Days after a Dreamliner jet caught fire in Boston, stories of more Dreamliner mishaps are emerging.
Yet U.S. Transportation Secretary Ray LaHood is still insisting that these planes are safe, saying that he would have “absolutely no reservations of boarding one of these planes and taking a flight.”
One day after a lithium ion battery caught fire in a Dreamliner jet parked at Logan International Airport, another Dreamliner was delayed at Logan International Airport after a fuel leak.
The Federal Aviation Administration is saying that these problems are expected when “bringing any new technologically advanced product into service.”
But the problems at Logan International aren’t the only ones the Dreamliner has faced this week alone.
On Friday, two flights in Japan faced problems. One had a crack in the cockpit and the other had a fuel leak.
And on Wednesday, an All Nippon Airways flight was cancelled due to a brake-control computer glitch, reports Reuters.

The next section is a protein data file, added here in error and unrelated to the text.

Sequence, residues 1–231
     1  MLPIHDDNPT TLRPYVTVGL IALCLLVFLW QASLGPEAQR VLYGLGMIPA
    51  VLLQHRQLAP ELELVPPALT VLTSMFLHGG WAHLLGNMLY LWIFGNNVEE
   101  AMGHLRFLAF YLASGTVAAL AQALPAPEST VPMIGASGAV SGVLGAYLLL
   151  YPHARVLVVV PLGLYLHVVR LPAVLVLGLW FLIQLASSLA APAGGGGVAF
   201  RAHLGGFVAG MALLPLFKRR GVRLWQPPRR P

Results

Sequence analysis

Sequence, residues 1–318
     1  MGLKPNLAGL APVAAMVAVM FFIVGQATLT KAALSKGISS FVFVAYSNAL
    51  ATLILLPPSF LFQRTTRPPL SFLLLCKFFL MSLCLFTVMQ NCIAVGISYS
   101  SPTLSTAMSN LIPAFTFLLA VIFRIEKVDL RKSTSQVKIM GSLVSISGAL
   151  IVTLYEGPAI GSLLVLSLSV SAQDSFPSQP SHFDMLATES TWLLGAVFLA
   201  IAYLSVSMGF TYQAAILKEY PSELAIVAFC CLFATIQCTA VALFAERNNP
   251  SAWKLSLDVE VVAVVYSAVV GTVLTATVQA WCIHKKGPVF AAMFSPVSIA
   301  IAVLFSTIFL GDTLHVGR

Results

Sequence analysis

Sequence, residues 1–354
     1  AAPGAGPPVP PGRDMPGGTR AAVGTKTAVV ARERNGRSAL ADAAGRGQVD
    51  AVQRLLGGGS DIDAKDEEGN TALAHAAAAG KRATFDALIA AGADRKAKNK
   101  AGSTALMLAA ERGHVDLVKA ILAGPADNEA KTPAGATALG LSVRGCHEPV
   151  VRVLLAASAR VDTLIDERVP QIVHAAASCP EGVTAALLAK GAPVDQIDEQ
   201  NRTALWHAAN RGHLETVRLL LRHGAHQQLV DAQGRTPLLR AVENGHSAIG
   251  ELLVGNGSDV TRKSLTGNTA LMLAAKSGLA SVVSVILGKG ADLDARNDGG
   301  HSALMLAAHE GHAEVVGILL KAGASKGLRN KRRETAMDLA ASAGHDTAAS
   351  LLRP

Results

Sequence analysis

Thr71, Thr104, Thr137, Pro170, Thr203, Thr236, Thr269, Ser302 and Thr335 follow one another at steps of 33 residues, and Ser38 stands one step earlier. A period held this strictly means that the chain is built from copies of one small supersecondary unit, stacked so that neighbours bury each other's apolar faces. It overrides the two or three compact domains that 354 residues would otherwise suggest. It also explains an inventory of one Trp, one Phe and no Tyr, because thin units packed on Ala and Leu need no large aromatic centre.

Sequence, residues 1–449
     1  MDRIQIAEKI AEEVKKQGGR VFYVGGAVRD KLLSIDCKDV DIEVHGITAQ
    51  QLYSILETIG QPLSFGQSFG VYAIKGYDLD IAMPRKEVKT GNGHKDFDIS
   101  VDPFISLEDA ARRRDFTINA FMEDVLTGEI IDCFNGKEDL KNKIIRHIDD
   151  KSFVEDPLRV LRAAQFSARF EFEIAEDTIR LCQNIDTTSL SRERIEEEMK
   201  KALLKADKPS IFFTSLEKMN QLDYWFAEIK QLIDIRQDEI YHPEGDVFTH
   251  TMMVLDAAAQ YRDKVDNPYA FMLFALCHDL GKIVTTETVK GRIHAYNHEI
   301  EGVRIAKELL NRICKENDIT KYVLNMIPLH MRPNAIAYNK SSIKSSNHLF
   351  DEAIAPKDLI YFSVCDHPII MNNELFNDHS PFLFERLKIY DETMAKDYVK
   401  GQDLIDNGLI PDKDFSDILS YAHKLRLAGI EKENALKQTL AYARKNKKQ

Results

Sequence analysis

The FAA will now be reviewing and investigating the Boeing 787 Dreamliners. Currently, the FAA is gathering a team of experts to conduct a study on the design and production of the jet. This would be the first step into identifying any potential defect in design or defect in manufacture claims. While there have been no injuries yet, those two claims would be some of the claims to arise, in the event of any personal injury lawsuits against Boeing.
Boeing maintains that it ran the planes through a rigorous certification process. Nevertheless, the recent events are prompting further investigation.
- Dreamliner Jet Catches Fire at Logan Int’l Airport (FindLaw’s Boston Personal Injury News)
- Aviation Accidents (FindLaw)
- Search Boston Personal Injury Lawyers (FindLaw)